UN Human Rights Expert Urges US to End Prolonged Solitary Confinement
An independent United Nations human rights expert called on the U.S. this month to stop the use of prolonged or indefinite solitary confinement.
Juan E. Mendez, Special Rapporteur on torture, cruel, inhuman or degrading treatment or punishment, referenced the Angola Three in his remarks condemning the practice. The Angola Three refers to three inmates sent to solitary confinement in Louisiana's Angola Prison after the killing of a prison guard. Robert King spent 29 years in solitary before he was exonerated and released. Herman Wallace spent more than four decades in solitary before he was granted a new trial and released at age 71. Wallace died shortly thereafter from liver cancer. Albert Woodfox, who maintains his innocence, is still incarcerated.
"The circumstances of the incarceration of the so-called Angola Three clearly show that the use of solitary confinement in the US penitentiary system goes far beyond what is acceptable under international human rights law," said Mendez.
Mendez has asked to visit U.S. prisons in California, Colorado, New York, and Pennsylvania, but has not been able to schedule the visits, which must be cleared by the U.S. State Department as well as the state governors. Solitary Watch estimates that across the US there are around 80,000 prisoners being held in some form of solitary confinement on any given day. California in particular currently holds around 11,000 prisoners in solitary confinement, sometimes for decades (Watch a video here). Prisoners are held for around 22 hours per day in tiny cells with no sunlight. If their stay is prolonged, they may experience many adverse psychological effects, including high rates of self-mutilation and suicide [PDF].
Mendez this week briefed the UN General Assembly's Third Committee--it's main social, humanitarian, and cultural body--that solitary confinement should never be indefinite or prolonged for any person. He also emphasized that under no circumstances should minors, people with mental disability, or pregnant or breastfeeding women be kept in solitary confinement.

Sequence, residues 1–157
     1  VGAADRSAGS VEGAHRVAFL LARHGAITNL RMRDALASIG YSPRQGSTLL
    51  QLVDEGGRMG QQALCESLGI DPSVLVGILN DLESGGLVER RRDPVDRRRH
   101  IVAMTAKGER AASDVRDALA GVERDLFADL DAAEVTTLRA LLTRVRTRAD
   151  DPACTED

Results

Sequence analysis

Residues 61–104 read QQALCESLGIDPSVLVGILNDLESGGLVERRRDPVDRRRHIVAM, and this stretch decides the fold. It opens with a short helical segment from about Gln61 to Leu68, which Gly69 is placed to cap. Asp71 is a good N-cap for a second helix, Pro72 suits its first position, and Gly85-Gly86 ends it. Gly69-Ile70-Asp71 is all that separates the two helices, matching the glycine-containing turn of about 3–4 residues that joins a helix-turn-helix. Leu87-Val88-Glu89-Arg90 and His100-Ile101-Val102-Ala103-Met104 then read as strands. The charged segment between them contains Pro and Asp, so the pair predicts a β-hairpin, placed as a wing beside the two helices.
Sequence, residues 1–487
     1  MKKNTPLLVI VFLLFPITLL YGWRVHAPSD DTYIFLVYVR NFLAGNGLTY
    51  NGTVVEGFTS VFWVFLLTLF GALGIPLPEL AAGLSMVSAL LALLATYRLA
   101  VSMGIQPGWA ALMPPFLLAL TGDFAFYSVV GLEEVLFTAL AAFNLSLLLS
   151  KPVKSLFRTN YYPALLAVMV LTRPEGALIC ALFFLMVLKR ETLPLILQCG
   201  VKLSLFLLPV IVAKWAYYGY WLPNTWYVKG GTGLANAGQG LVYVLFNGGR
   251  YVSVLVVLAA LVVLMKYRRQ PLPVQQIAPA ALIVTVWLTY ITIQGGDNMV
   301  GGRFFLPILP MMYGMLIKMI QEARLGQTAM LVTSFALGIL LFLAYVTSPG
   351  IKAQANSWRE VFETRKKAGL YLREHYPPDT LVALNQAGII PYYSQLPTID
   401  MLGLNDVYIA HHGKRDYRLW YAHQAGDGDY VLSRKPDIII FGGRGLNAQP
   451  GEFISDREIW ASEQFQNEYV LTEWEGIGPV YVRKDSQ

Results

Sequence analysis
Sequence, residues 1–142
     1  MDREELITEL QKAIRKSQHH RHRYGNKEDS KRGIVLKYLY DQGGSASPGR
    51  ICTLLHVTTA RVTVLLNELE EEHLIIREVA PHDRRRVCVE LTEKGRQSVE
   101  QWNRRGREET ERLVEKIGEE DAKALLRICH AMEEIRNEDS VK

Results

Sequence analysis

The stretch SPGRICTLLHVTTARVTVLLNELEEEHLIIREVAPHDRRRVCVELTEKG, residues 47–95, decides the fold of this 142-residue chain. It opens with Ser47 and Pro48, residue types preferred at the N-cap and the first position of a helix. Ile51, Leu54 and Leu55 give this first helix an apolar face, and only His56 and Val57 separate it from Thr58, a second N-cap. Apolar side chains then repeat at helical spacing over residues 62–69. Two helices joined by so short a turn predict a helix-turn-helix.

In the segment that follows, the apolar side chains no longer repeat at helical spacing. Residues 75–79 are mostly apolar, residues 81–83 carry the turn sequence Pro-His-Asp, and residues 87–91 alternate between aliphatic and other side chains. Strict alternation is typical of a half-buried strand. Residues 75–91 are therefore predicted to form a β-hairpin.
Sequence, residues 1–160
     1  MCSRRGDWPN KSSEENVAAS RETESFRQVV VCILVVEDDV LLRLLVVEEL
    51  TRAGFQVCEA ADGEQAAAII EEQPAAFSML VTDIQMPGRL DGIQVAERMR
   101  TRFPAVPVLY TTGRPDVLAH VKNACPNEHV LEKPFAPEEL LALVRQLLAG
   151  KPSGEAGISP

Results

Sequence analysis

In addition to the U.S., Mendez plans to visit several countries to investigate their prison systems, including Mexico, Thailand, and Georgia, among others.
Media Resources: United Nations News Centre 10/7/13, 10/22/13; The Times-Picayune 10/4/13; Amnesty International News 10/10/13; Los Angeles Times 10/18/13; Solitary Watch; Fusion 10/20/13
8/28/2015 Alaska Court Protects Abortion Access for Low-Income Women - The Alaska Superior Court struck down a state law yesterday that would have severely limited abortion access for low-income women in Alaska.
The state's Superior Court also struck down a Department of Health and Social Services regulation that placed narrow specifications on Medicaid coverage for abortions, requiring that Medicaid-funded abortions be determined by a physician to be "medically necessary." Last year, the Center for Reproductive Rights, the American Civil Liberties Union, and Planned Parenthood sued on behalf of the Planned Parenthood of the Great Northwest, claiming that the narrow definition of "medically necessary" arbitrarily established conditions designed to restrict the ability of low-income women to access abortion services.
The law was temporarily blocked last July by an Alaskan state court judge.
Superior Court Judge John Suddock ordered yesterday that the state be blocked from implementing this regulation, ruling that it placed an undue burden on low-income women seeking abortion services in Alaska.
"By providing health care to all poor Alaskans except women who need abortions, the challenged regulation violates the state constitutional guarantee of 'equal rights, opportunities, and protection under the law'," the ruling read.
"We applaud the superior court for striing down these cruel restrictions on women's health and rights that violate the Alaska Constitution," said Chris Charbonneau, CEO of Planned Parenthood of the Great Northwest and the Hawaiian Islands. . . .
8/26/2015 Saudi Women Prepare to Vote for the First Time - The fight for gender equality is making slow but notable progress in Saudi Arabia, where women will be allowed to vote for the first time in upcoming December elections.
This shift in Saudi law came in 2011, when a royal decree announced that women would be allowed to vote and run in local elections beginning in December of 2015. . . .